What families and caregivers need to know about the CARES Act
Legal pay is necessary for employees to receive stimulus payments or unemployment benefits
In an effort to help individuals and businesses cope with the effects of the COVID-19 virus, Congress recently passed the Coronavirus Aid, Relief, and Economic Security Act — or CARES Act. The law itself contains quite a bit of information that pertains to normal businesses, but for household employers and their nannies, senior caregivers or other domestic workers, only a couple of items stand out.
“The most important aspects of the CARES Act for families and caregivers to be aware of are the expansion of unemployment benefits and the stimulus payments that are included in the law,” says Eva MacCleery, Director of Care.com HomePay. “Both of these financial safety nets can be very beneficial to those that need it, but caregivers need to be paid on the books in order to receive them.”
Here are the details of each of these benefits and what you and your caregivers need to know about them.
Expanded unemployment insurance benefits
According to the CARES Act, if your employee has to be let go from their job due to COVID-19 concerns, they may qualify for expanded unemployment benefits through the state. Specifically, the CARES Act allows employees to collect $600 per week, on top of the financial assistance the state provides, for up to four months.
Additionally, the CARES Act extends the maximum amount of time your nanny or caregiver can receive unemployment benefits by 13 weeks. The current maximum varies by state, but most states already allow for approximately 26 weeks of unemployment benefits, which will now increase to approximately 39 weeks. If your nanny or caregiver is being paid on the books, they should be able to access these benefits if they need them.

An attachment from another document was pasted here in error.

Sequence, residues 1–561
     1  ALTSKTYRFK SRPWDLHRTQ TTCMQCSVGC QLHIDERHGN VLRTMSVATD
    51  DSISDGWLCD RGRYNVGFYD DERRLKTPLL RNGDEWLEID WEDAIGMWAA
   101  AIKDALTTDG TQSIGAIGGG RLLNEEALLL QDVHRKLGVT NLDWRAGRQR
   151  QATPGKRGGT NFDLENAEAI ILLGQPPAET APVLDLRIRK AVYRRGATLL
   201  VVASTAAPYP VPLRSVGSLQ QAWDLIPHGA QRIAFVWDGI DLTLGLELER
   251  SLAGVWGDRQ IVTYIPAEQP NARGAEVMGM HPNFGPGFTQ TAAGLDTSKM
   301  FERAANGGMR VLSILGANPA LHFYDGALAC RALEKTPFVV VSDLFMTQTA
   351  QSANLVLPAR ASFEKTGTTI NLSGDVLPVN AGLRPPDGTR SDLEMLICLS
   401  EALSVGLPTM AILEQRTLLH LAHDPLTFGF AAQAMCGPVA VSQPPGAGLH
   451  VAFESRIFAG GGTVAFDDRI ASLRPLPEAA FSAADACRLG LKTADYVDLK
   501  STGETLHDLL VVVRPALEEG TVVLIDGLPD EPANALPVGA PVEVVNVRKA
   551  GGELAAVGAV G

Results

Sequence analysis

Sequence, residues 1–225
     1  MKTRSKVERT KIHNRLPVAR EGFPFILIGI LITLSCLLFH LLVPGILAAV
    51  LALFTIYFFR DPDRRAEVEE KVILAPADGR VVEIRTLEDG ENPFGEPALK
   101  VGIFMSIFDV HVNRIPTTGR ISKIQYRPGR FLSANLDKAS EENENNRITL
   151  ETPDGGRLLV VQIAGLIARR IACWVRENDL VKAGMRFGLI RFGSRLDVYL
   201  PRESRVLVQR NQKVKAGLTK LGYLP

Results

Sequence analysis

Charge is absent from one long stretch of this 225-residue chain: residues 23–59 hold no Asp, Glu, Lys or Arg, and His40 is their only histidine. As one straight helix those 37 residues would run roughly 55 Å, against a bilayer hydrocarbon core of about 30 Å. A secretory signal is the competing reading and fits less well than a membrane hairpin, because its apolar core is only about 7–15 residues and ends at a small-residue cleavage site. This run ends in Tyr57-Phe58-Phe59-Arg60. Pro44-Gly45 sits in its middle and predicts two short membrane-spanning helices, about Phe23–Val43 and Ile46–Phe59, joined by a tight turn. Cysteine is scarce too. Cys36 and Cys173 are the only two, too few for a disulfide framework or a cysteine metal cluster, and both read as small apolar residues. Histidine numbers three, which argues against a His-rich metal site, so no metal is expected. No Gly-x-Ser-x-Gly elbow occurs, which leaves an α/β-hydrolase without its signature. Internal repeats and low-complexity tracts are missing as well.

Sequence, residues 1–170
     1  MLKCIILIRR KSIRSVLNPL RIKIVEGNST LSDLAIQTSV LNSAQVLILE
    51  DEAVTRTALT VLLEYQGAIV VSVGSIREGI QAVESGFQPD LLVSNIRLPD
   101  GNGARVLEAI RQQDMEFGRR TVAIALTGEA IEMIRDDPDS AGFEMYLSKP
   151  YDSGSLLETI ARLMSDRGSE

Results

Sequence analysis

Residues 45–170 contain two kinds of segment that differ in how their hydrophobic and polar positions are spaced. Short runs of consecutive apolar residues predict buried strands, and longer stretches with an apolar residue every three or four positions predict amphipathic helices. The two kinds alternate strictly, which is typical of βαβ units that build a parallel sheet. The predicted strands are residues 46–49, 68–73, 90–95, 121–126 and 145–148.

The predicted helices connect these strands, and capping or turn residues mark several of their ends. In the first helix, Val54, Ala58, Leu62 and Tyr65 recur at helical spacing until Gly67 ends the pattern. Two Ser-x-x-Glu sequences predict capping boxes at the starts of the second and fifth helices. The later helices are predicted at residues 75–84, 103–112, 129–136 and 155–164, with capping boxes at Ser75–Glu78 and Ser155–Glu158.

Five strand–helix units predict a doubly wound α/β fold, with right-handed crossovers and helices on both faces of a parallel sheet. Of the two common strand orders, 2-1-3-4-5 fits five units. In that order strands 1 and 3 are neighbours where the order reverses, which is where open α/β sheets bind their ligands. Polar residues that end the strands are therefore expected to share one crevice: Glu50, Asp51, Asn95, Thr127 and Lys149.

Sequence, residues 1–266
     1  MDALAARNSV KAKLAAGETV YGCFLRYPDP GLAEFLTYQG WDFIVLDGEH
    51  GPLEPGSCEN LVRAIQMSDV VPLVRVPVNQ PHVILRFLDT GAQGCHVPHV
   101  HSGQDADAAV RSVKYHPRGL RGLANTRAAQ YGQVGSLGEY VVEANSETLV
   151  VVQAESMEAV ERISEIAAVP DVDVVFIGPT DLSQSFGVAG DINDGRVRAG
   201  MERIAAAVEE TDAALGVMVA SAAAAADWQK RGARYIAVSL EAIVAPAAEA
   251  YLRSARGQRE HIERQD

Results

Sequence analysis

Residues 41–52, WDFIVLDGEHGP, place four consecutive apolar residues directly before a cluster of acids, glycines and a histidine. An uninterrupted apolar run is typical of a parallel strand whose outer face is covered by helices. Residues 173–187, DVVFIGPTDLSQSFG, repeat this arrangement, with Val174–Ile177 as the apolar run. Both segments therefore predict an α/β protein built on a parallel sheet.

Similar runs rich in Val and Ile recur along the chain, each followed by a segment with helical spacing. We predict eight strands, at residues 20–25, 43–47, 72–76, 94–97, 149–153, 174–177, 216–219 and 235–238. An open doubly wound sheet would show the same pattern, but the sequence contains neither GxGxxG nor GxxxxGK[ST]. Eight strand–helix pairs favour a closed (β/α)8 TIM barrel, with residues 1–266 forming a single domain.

Stimulus payments for individuals
To help workers make ends meet, the CARES Act also provides a one-time payment of up to $1,200 ($2,400 for married couples filing jointly), plus an additional $500 for each child. You may have heard this referred to as a “stimulus check” or an “economic impact payment.” There are a few qualifications your nanny or caregiver must meet to receive this payment:
Your employee must earn less than $99,000 annually in adjusted gross income ($198,000 if married).
For every $100 above $75,000 ($150,00 if married) your employee earns, their payment will be reduced from $1,200 in $5 increments. This is the reason for the $99,000 earnings cap.
Your employee must have a Social Security number.
Your nanny or caregiver must have filed a 2018 or 2019 income tax return so the IRS knows what their adjusted gross income is.
The final bullet point is very important because if your caregiver was not paid on the books, they will not have received a W-2 to file their personal income tax return and will be ineligible to receive this financial assistance.
If you had a nanny, senior caregiver or other household employee working for you last year and did not pay them on the books, reach out to HomePay for help. We’ll get you caught up on your household employment taxes and issue your caregiver a 2019 W-2 so they can file their taxes. We make this process very efficient for families and you’ll be set up to continue paying your caregiver legally for 2020 and beyond.
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